Monday, September 22, 2014

[Review] Tusk

Kevin Smith's latest film Tusk is one of the more bizarre and demented gross-out horror flicks I've ever seen, and I just couldn't look away. Be warned though--this is definitely tailored for a niche audience, and it's the type of movie where if an unsuspecting viewer stumbled into the wrong theater, they might faint in the corridor.

Wallace (Justin Long) is a douchey podcast host (the podcast is called the "Not-See Party"), and his co-host is played by Haley Joel Osment, a chubby and shaggy smart-mouth who somehow manages to resemble what you envision most podcast hosts to look like. Anyway, Wallace's specialty is conducting interviews with weird people from the corners of the Internet. When he travels to Canada in order to interview a viral video kid, only to find out that the kid has died, he's left S.O.L.--that is until he sees a mysterious letter on a bathroom wall from a guy with lots of stories to tell.

He goes by the name of Howard Howe and he resides in a dark mansion hidden in the middle of the woods in Manitoba. The moment Wallace steps into the creepy house, it's obvious that there's something suspicious about Howard. Wallace gets drugged, passes out, and Howard plans to turn him into a walrus (yes, a walrus) through some disturbingly grotesque surgical procedures. It's a total WTF premise, and it's as weird yet straightforward as it sounds. But the spectacle is executed with surprising creativity. The actual process of the transformation is never shown, which could be a good or bad thing depending on your threshold for this sort of thing, but this tactic works because we're just as clueless as the protagonist is until he awakes to the shocking reveals in all their twisted glory.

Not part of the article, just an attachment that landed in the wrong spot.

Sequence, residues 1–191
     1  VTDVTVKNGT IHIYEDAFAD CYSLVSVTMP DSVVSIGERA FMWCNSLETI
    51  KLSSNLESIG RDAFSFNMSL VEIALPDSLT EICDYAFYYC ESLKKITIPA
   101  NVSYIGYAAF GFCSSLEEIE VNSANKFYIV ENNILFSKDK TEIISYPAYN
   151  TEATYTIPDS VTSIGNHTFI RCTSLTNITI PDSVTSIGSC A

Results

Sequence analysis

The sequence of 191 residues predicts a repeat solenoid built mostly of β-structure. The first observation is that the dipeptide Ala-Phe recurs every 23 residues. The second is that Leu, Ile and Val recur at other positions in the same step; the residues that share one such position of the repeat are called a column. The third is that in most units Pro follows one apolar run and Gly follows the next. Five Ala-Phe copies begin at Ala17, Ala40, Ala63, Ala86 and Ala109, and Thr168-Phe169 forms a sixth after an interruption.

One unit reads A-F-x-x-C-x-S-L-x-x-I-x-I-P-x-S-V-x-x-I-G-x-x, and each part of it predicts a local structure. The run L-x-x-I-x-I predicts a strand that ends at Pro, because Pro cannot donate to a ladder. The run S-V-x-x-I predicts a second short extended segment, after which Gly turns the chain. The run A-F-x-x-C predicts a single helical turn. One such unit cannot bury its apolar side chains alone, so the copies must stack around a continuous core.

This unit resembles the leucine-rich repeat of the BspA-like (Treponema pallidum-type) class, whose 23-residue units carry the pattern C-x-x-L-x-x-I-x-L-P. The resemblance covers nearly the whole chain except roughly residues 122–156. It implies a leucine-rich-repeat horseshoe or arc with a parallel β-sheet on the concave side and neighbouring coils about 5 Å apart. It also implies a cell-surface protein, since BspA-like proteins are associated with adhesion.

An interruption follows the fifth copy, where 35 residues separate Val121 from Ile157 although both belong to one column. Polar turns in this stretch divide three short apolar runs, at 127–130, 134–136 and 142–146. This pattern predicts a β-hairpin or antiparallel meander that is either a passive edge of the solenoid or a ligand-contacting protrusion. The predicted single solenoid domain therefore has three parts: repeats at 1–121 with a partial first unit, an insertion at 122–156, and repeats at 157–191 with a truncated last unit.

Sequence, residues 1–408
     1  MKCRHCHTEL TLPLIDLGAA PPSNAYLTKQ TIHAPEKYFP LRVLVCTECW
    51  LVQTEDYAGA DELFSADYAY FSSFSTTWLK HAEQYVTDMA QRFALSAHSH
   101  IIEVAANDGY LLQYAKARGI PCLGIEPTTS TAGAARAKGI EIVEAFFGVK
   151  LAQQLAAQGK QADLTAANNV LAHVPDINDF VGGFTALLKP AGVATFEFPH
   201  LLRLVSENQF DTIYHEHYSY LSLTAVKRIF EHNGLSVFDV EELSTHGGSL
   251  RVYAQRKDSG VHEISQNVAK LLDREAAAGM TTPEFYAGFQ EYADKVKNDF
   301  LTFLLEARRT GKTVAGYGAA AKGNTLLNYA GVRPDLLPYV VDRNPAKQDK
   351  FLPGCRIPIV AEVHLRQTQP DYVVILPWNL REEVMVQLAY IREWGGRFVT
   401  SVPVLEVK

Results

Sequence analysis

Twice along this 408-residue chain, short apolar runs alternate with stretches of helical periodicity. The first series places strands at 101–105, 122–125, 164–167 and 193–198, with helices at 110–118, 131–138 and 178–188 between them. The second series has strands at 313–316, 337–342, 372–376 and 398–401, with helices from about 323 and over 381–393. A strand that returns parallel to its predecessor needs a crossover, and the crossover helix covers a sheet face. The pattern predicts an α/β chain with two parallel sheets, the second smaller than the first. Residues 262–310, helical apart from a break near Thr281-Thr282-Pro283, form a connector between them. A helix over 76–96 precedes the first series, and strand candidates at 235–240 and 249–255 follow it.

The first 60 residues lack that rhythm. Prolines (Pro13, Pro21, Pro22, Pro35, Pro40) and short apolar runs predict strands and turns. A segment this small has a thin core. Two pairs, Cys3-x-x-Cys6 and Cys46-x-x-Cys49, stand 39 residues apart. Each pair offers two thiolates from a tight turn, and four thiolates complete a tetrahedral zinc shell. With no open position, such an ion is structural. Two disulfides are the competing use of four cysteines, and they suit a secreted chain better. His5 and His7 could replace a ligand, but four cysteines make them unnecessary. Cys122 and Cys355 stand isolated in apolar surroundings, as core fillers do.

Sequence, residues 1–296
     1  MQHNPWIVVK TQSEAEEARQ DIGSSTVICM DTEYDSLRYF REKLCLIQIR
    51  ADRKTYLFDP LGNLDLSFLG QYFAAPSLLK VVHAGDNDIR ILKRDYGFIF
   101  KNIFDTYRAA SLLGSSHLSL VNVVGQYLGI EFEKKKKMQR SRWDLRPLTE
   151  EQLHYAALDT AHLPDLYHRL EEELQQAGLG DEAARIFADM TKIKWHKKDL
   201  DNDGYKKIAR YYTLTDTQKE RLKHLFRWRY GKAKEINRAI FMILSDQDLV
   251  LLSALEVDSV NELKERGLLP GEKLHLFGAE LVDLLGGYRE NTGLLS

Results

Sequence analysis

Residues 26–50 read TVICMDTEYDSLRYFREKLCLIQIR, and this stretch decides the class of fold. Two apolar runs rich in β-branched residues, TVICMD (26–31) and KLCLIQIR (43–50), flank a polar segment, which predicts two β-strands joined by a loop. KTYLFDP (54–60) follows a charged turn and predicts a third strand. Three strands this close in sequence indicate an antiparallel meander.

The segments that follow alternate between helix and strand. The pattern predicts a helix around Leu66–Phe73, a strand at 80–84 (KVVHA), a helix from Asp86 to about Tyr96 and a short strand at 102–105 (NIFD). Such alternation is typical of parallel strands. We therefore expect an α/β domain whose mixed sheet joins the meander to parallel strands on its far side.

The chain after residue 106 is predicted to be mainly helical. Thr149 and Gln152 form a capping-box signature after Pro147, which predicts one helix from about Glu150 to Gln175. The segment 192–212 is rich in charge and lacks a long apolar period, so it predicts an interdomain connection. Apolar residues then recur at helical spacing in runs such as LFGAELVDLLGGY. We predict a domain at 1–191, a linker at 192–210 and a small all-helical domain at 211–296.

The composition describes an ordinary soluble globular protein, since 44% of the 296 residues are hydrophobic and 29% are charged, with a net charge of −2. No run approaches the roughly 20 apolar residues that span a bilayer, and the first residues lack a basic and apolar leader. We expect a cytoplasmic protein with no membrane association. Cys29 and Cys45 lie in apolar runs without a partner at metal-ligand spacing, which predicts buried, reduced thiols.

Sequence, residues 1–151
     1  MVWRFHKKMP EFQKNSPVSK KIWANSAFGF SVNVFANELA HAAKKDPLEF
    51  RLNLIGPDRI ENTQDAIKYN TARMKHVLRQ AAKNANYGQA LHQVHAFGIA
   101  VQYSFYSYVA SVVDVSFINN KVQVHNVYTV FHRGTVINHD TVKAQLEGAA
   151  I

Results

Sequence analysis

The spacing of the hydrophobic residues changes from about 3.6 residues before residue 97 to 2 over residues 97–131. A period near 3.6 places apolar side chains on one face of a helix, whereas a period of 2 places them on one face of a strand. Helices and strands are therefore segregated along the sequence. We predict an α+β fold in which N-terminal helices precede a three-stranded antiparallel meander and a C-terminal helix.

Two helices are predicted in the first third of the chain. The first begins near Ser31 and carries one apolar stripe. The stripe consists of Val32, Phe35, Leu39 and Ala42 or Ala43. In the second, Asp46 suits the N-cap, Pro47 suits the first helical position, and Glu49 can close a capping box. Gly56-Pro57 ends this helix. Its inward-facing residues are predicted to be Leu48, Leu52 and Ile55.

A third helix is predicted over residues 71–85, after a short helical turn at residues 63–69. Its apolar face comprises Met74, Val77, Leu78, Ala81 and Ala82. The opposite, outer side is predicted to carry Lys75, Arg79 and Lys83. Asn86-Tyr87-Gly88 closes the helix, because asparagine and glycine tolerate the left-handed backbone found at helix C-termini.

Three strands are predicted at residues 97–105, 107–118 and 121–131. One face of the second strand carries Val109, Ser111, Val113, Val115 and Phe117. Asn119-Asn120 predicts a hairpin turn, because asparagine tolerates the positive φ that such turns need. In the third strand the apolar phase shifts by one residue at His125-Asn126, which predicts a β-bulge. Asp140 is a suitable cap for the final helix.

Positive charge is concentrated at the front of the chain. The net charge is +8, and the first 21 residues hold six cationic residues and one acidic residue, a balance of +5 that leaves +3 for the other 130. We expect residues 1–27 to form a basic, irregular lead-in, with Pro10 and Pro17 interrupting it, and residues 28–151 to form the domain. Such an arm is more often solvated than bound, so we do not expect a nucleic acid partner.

The script is full of Kevin Smith's usual rambling dialogue and it contains a handful of funny and provocative quips, but the writing is unexpectedly focused. However, the flashbacks and "back at home" scenes can't help but feel lame--like flimsy padding for a stretched story. Thankfully, the "back at home" section gets an enormous boost when a significant cameo enters the picture. This cameo is present in the entire third act of the film, so it's much more than an average uncredited bit. I think the cat is already out of the bag, but as tempted as I am to talk more about it, I figure it's best to leave it a secret for now, especially for those hellbent on being surprised. Though I will say: it is awesome.

Tusk definitely isn't for everyone, but the off-the-wall nature of what's taking place on screen calls for pure amusement. It will certainly find a place in the cult hearts of campy horror enthusiasts, making it a good piece to add to the midnight freak show. This film isn't bat-shit insane - it's walrus-shit insane.


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